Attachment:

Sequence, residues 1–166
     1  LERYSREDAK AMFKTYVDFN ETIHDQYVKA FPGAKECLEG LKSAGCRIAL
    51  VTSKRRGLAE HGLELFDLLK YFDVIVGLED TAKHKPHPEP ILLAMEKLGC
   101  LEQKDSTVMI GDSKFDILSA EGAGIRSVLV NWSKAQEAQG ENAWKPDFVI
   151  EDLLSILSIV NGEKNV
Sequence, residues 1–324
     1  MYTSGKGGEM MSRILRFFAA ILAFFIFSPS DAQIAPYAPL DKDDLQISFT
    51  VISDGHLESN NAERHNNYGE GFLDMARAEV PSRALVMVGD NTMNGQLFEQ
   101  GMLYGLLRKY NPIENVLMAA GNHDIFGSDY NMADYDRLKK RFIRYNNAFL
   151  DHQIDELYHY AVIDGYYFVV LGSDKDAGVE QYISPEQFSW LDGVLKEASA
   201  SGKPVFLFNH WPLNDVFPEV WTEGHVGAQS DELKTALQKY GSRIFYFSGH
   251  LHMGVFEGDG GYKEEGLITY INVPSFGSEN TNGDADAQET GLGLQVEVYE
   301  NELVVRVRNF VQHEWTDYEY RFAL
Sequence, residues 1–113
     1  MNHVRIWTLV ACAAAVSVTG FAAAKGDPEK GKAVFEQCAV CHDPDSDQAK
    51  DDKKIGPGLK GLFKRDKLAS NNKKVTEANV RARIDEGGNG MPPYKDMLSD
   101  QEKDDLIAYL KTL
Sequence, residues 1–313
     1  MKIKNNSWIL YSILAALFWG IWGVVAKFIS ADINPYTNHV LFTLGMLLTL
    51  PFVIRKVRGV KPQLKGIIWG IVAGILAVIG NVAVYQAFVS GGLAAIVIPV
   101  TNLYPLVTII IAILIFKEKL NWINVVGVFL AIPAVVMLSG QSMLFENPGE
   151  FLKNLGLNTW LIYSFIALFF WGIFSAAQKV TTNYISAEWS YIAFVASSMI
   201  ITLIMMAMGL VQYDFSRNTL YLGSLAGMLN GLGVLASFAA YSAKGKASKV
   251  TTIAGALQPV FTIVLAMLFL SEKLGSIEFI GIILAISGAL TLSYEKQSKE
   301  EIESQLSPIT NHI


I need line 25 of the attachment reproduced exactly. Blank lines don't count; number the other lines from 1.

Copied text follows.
   301  EIESQLSPIT NHI